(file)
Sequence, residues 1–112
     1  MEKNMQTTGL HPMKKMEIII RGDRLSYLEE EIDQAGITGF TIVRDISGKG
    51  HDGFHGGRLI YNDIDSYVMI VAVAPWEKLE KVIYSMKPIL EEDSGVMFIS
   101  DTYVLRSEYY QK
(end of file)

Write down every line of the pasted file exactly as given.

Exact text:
Sequence, residues 1–112
     1  MEKNMQTTGL HPMKKMEIII RGDRLSYLEE EIDQAGITGF TIVRDISGKG
    51  HDGFHGGRLI YNDIDSYVMI VAVAPWEKLE KVIYSMKPIL EEDSGVMFIS
   101  DTYVLRSEYY QK